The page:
31. 31.
    Zou, L.N., Cheng, X., Rivers, M.L., Jaeger, H.M., Nagel, S.R.: The packing of granular polymer chains. Science 326(5951), 408–410 (2009)ADSMathSciNetCrossRefMATHGoogle Scholar
  32. 32.
    Mohaddespour, A., Hill, R.J.: Granular polymer composites. Soft Matter 8(48), 12060–12065 (2012)ADSCrossRefGoogle Scholar
  33. 33.
    Wang, G., Zheng, N., Wen, P., Li, L., Shi, Q.: Scaling probability distribution of granular chains in two dimensions. Physica A 407, 192–197 (2014)ADSCrossRefGoogle Scholar
  34. 34.
    Brown, E., Nasto, A., Athanassiadis, A.G., Jaeger, H.M.: Strain stiffening in random packings of entangled granular chains. Phys. Rev. Lett. 108(10), 108302 (2012)ADSCrossRefGoogle Scholar
  35. 35.
    Lopatina, L.M., Reichhardt, C.J.O., Reichhardt, C.: Jamming in granular polymers. Phys. Rev. E 84, 011303–011308 (2011)ADSCrossRefGoogle Scholar
  36. 36.
    He, L., Dong, Z., Zhang, L.: Selective adsorption behavior of polymer at the polymer-nanoparticle interface. J. Polym. Sci. Part B Polym. Phys. 54(18), 1829–1837 (2016)ADSCrossRefGoogle Scholar
  37. 37.
    Qiao, R., Brinson, L.C.: Simulation of interphase percolation and gradients in polymer nanocomposites. Compos. Sci. Technol. 69(3–4), 491–499 (2009)CrossRefGoogle Scholar
  38. 38.
    Starr, F.W., Schroder, T.B., Glotzer, S.C.: Molecular dynamics simulation of a polymer melt with a nanoscopic particle. Macromolecules 35(11), 4481–4492 (2002)ADSCrossRefGoogle Scholar
  39. 39.
    Rittigstein, P., Torkelson, J.M.: Polymer-nanoparticle interfacial interactions in polymer nanocomposites: confinement effects on glass transition temperature and suppression of physical aging. J. Polym. Sci. B 44(20), 2935–2943 (2006)CrossRefGoogle Scholar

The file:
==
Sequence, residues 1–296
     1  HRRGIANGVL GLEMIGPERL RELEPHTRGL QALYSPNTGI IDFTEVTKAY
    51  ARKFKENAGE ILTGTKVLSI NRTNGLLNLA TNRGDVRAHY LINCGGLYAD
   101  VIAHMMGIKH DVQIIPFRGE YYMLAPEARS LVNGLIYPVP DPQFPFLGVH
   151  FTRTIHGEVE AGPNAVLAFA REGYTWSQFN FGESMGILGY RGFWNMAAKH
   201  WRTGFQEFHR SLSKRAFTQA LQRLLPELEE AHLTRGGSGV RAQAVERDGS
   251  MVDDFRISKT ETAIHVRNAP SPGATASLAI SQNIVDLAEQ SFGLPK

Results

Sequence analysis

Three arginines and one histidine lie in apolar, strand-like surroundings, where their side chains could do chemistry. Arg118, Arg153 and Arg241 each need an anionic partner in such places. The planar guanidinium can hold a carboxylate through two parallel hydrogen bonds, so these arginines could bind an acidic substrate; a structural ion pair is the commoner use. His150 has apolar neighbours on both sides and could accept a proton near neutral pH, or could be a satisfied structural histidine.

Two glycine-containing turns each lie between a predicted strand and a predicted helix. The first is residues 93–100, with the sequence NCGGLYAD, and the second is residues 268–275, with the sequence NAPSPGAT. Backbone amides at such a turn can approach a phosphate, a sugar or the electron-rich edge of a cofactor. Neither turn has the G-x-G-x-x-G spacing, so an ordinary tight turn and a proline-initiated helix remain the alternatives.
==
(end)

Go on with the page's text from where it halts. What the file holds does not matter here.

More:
40. 40.
    Ramanathan, T., Liu, H., Brinson, L.C.: Functionalized SWNT/polymer nanocomposites for dramatic property improvement. J. Polym. Sci. B 43(17), 2269–2279 (2005)CrossRefGoogle Scholar
  41. 41.
    Tate, R.S., Fryer, D.S., Paqualini, S., Montague, M.F., De Pablo, J.J., Nealey, P.F.: Extraordinary elevation of the glass transition temperature of thin polymer films grafted to silicon oxide substrates. J. Chem. Phys. 115(21), 9982–9990 (2001)ADSCrossRefGoogle Scholar
  42. 42.
    Wei, C., Srivastava, D., Cho, K.: Thermal expansion and diffusion coefficients of carbon nanotube-polymer composites. Nano Lett. 2(6), 647–650 (2002)ADSCrossRefGoogle Scholar
  43. 43.
    Van Zanten, J.H., Wallace, W.E., Wu, W.L.: Effect of strongly favorable substrate interactions on the thermal properties of ultrathin polymer films. Phys. Rev. E 53(3), R2053–R2056 (1996)ADSCrossRefGoogle Scholar
  44. 44.
    Li, Y., Kroger, M., Liu, W.K.: Nanoparticle effect on the dynamics of polymer chains and their entanglement network. Phys. Rev. Lett. 109(11), 118001 (2012)ADSCrossRefGoogle Scholar
  45. 45.
    Cheng, S., Carroll, B., Bocharova, V., Carrillo, J.-M., Sumpter, B.G., Sokolov, A.P.: Focus: Structure and dynamics of the interfacial layer in polymer nanocomposites with attractive interactions. J. Chem. Phys. 146(20), 203201 (2017)ADSCrossRefGoogle Scholar
  46. 46.
    Lee, K.J., Lee, D.K., Kim, Y.W., Choe, W.-S., Kim, J.H.: Theoretical consideration on the glass transition behavior of polymer nanocomposites. J. Polym. Sci. B 45(16), 2232–2238 (2007)CrossRefGoogle Scholar
  47. 47.
    Qin, X., Xia, W., Sinko, R., Keten, S.: Tuning glass transition in polymer nanocomposites with functionalized cellulose nanocrystals through nanoconfinement. Nano Lett. 15(10), 6738–6744 (2015)ADSCrossRefGoogle Scholar
  48. 48.
    Roldughin, V.I., Serenko, O.A., Getmanova, E.V., Novozhilova, N.A., Nikifirova, G.G., Buzin, M.I., Chvalun, S.N., Ozerin, A.N., Muzafarov, A.M.: Effect of hybrid nanoparticles on glass transition temperature of polymer nanocomposites. Polym. Compos. 37(7), 1978–1990 (2016)CrossRefGoogle Scholar
  49. 49.
    Oh, H., Green, P.F.: Polymer chain dynamics and glass transition in athermal polymer/nanoparticle mixtures. Nat. Mater. 8(2), 139–143 (2009)ADSCrossRefGoogle Scholar
  50. 50.
    Xia, W., Song, J., Hsu, D.D., Keten, S.: Side-group size effects on interfaces and glass formation in supported polymer thin films. J. Chem. Phys. 146(20), 203311 (2017)ADSCrossRefGoogle Scholar
  51. 51.
    Philippe, P., Bideau, D.: Compaction dynamics of a granular medium under vertical tapping. Europhys. Lett. 60(5), 677–683 (2002)ADSCrossRefGoogle Scholar
  52. 52.